Again, nothing more manifestly distinguishes the Anglo-Saxon than his intense and persistent energy; and he is developing in the United States an energy which, in eager activity and effectiveness, is peculiarly American. This is due partly to the fact that Americans are much better fed than Europeans, and partly to the undeveloped resources of a new country, but more largely to our climate, which acts as a constant stimulus. Ten years after the landing of the Pilgrims, the Rev. Francis Higginson, a good observer, wrote: "A sup of New England air is better than a whole flagon of English ale." Thus early had the stimulating effect of our climate been noted. Moreover, our social institutions are stimulating. In Europe the various ranks of society are, like the strata of the earth, fixed and fossilized. There can be no great change without a terrible upheaval, a social earthquake. Here society is like the waters of the sea, mobile; as General Garfield said, and so signally illustrated in his own experience, that which is at the bottom today may one day flash on the crest of the highest wave. Every one is free to become whatever he can make of himself; free to transform himself from a rail-splitter or a tanner or a canal-boy, into the nation's President. Our aristocracy, unlike that of Europe, is open to all comers. Wealth, position, influence, are prizes offered for energy; and every farmer's boy, every apprentice and clerk, every friendless and penniless immigrant, is free to enter the lists. Thus many causes co-operate to produce here the most forceful and tremendous energy in the world.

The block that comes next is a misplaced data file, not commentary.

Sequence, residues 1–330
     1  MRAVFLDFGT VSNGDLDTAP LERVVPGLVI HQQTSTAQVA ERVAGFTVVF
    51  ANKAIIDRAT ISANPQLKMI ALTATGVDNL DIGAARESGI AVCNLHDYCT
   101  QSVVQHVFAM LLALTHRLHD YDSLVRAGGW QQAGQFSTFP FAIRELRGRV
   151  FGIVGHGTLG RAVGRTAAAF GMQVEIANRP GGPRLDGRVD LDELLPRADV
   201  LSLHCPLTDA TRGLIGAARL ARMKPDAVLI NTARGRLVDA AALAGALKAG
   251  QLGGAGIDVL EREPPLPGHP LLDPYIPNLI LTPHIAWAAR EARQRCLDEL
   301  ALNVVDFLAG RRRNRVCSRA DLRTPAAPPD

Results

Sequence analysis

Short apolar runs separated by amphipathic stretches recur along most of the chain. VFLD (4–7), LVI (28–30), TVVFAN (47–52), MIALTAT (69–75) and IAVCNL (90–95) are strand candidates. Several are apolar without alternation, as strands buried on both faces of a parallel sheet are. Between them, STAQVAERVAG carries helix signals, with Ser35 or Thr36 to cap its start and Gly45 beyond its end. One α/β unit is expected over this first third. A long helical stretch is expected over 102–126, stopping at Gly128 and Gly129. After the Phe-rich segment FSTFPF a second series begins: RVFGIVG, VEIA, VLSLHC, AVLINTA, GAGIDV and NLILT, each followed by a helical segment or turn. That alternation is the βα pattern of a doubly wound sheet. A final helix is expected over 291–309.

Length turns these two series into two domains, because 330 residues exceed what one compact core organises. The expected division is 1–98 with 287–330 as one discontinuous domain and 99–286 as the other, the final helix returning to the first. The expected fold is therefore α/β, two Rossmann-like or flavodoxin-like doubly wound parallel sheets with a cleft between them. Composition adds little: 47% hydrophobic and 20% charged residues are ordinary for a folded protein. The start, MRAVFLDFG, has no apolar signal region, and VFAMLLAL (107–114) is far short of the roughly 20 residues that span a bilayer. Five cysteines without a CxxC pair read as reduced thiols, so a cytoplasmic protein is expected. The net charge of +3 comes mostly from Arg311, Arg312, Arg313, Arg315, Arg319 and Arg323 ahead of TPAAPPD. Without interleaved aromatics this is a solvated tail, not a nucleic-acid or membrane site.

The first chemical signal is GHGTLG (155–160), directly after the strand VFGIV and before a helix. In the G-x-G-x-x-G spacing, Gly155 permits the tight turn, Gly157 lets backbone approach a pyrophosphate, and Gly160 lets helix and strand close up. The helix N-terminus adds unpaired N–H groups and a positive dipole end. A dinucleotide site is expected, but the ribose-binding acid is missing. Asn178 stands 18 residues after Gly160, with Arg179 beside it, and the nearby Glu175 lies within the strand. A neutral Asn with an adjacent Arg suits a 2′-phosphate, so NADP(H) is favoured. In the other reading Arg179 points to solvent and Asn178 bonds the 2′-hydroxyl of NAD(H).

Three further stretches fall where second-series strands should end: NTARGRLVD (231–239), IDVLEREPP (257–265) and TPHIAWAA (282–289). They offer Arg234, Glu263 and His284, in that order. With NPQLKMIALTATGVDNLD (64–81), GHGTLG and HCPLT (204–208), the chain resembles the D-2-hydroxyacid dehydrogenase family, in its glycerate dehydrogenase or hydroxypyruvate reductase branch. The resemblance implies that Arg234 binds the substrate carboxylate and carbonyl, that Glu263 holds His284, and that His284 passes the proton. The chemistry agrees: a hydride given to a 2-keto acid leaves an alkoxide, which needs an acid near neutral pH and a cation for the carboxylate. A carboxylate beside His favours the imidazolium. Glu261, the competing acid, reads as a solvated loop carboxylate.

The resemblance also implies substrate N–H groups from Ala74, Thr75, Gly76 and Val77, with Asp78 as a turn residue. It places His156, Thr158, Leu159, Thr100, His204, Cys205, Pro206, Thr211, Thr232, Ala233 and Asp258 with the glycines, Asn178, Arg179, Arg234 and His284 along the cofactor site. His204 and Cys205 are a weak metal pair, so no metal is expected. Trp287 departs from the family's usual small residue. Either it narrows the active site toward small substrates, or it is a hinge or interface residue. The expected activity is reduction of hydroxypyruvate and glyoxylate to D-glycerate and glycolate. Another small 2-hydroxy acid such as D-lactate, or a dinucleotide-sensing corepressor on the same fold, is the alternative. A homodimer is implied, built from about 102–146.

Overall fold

What is the significance of such facts? These tendencies infold the future; they are the mighty alphabet with which God writes his prophecies. May we not, by a careful laying together of the letters, spell out something of his meaning? It seems to me that God, with infinite wisdom and skill, is training the Anglo-Saxon race for an hour sure to come in the world's future. Heretofore there has always been in the history of the world a comparatively unoccupied land westward, into which the crowded countries of the East have poured their surplus populations. But the widening waves of migration, which millenniums ago rolled east and west from the valley of the Euphrates, meet today on our Pacific coast. There are no more new worlds. The unoccupied arable lands of the earth are limited, and will soon be taken. The time is coming when the pressure of population on the means of subsistence will be felt here as it is now felt in Europe and Asia. Then will the world enter upon a new stage of its history--the final competition of races, for which the Anglo-Saxon is being schooled. Long before the thousand millions are here, the mighty centrifugal tendency, inherent in this stock and strengthened in the United States, will assert itself. Then this race of unequaled energy, with all the majesty of numbers and the might of wealth behind it--the representative, let us hope, of the largest liberty, the purest Christianity, the highest civilization--having developed peculiarly aggressive traits calculated to impress its institutions upon mankind, will spread itself over the earth. If I read not amiss, this powerful race will move down upon Mexico, down upon Central and South America, out upon the islands of the sea, over upon Africa and beyond. And can any one doubt that the result of this competition of races will be the "survival of the fittest"?